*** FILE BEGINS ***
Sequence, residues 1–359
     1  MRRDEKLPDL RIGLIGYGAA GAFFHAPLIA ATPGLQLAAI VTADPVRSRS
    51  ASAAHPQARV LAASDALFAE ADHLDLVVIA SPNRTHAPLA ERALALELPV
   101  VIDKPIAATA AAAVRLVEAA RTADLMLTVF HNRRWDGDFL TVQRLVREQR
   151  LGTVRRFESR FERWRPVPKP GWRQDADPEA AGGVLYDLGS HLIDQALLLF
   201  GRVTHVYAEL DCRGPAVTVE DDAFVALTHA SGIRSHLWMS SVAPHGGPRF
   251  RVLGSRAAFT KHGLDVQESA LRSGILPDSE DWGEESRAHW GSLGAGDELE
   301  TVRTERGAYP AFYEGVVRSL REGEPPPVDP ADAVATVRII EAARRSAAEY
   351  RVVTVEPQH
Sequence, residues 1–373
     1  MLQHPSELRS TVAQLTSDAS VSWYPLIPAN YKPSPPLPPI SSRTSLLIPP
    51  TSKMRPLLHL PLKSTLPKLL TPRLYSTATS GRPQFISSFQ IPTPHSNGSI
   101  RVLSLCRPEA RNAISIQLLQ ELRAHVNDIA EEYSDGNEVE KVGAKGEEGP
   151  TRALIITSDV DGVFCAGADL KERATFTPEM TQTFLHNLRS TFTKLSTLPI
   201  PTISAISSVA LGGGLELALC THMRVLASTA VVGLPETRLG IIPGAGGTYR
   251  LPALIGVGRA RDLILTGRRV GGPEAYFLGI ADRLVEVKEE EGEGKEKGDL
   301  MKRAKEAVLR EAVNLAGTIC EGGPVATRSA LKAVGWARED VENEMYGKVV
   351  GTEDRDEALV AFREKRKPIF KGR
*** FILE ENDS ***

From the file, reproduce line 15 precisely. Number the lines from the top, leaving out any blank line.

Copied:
   201  PTISAISSVA LGGGLELALC THMRVLASTA VVGLPETRLG IIPGAGGTYR